made,” said Byrom.
Espinosa earned himself a spot on the roster for the Futures
Game earlier this month. As Espinosa does advance through the system though,
his position could change, Byrom says.
The Nationals already have 2009 Chief Ian Desmond as their
starting shortstop, but that doesn’t worry Espinosa who played some second base
during spring training.
“Whether I play second or short, I’d just rather be up
there. I don’t really care. I’d like to play short, but if the team thinks I’m
going to play second base better and I can help with second base more than
short, that’s the decision and I’ll roll with that and I’m fine. I’m totally
happy with that. I just want to make it up there,” Espinosa told Adam Kilgore
of the Washington Post last month.
The Chiefs have used four different shortstops this year
with Pedro Lopez (41 games) playing the most of anyone in that spot.
Another player who may be a Chief not before long is first
baseman Chris Marrero. A first round pick out of high school in Miami in 2006,
he could be a big part of the Washington future. Marrero’s advancement may
depend on whether or not Adam Dunn is still a National after the July 31st
Marrero spent parts of 2007, 2008 and 2009 with Advanced-A
Potomac before making the jump to Double-A last season and playing in 23 games
with the Senators for whom he hit .267.
Now with almost a full season of Double-A baseball under his
belt, Marrero is hitting .297 with 13 HR and 58 RBI along with 19 doubles.
Plus, he’s hot now–in June he hit .359, and in July he’s hitting .333.
Byrom says it was about Marrero adjusting to a higher level
after nearly three seasons in Woodbridge, VA.
“I think the Nationals felt that he needed to show some
consistency at the plate and ever since May 1st he’s been
incredible. He’s second in the Eastern League in hits, he’s much better at
first base and he just looks more comfortable there than he did last year. He
has worked really hard on his defense. He has gone from a power hitter who is
serviceable at first base, to one who can end up being a pretty good defensive
first baseman. Most of his errors have actually come on throws, but he’s gotten
a lot better at picking balls out of the dirt. I’d say the biggest thing he’s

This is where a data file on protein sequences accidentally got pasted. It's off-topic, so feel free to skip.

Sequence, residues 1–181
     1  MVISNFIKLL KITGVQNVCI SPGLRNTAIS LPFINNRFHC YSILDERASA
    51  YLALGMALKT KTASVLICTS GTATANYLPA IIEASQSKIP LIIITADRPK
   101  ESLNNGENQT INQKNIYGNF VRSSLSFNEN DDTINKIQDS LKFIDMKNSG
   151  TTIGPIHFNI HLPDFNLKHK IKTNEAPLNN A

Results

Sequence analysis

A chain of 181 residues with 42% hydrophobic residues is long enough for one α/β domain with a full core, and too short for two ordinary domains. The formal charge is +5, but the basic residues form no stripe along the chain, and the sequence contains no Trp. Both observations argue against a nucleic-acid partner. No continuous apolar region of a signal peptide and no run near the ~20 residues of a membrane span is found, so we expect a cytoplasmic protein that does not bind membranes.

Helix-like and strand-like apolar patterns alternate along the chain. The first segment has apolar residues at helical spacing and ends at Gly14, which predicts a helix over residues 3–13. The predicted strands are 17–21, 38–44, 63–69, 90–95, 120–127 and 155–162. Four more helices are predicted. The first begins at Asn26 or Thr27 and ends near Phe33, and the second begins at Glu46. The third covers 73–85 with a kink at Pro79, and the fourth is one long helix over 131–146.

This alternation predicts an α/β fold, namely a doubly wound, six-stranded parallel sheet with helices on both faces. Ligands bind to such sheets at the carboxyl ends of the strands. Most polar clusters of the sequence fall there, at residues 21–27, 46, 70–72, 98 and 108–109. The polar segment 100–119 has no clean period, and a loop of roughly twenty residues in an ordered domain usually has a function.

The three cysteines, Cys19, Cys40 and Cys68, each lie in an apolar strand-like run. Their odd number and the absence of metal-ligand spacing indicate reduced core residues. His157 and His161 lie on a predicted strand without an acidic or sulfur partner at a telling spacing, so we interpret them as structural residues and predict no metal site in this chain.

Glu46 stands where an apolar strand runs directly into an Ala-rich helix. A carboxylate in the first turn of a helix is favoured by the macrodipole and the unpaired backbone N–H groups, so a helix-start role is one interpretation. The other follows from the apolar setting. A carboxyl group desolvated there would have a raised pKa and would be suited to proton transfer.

improved on is receiving poor throws from the infield. He’s young and will only get better.”
Ever since Josh Whitesell (40 starts at first and at the
time a team leading 34 RBI) left for Japan, the Chiefs have rotated between
Chris Duncan (on the DL), Jason Botts, Chase Lambin, and even Bill Rhinehart at
first base. A combination of two power bats in Botts and Marrero could be
lethal for a late season run at the playoffs.
The last player we looked at was pitcher Tom Milone, who
leads Harrisburg in wins this season with a 7-5 record and a 3.08 ERA. A Rule 5 draft pick out of USC in 2008, he pitched
opposite former Nationals draftee Aaron Crow in the summer of 2007 in the Cape
Cod Baseball League and was named the Pitcher of the Year. (Crow is now with
the Northwest Arkansas Naturals, the Double-A affiliate of the Royals.)
Milone draws some comparisons to John Lannan but has made his mark in the minors due to his control of his pitches. Through
the 2009 season, he had struck out 155 batters and walked just 45. In addition,
he’s moved quickly through the system spending just six games with Vermont in
2008 and the rest of that season in Hagerstown. Last year he was 12-5 with a
2.91 ERA at Potomac.
“Tom is a lefthander that will throw into the low 90’s and
so he’s not a guy that just kicks around and uses off-speed stuff. He’s also
not afraid to go inside on right-handed hitters. For a lefty that’s pretty
important. This year he has pitched himself onto (the Nationals) radar. He was
on their radar before, but now he is being thought of as a guy that could crack
the rotation in the Majors,” Byrom said.
Syracuse has put together a reliable rotation with Shairon
Martis, Matt Chico, Jeff Mandel, Erik Arnesen and Jason Jones, but two of those
players (Martis and Chico) both have Major League experience. Nobody, including
Collin Balester, knows when the call is going to come.
But when the phone rings at Triple-A, it starts a game of
telephone with stops in Harrisburg, Woodbridge, Hagerstown and Burlington,
Hey! Mike Couzens checking in with you here in the midst of the International League All-Star break. While we’re technically away from baseball for three days, I’ve gone on vacation only to run into…more baseball. I’m spending my time off on beautiful Cape Cod and while I’ve been here, I ran across a story that I couldn’t pass up. I was talking to an old friend of mine and when I told him about the Chiefs, the name Justin Maxwell immediately came into his mind. My friend remembered that he played in the Cape Cod Baseball League in 2003, and was a pretty good player back then too. Here’s the story of how Justin Maxwell made a anme for himself before he was a Chief: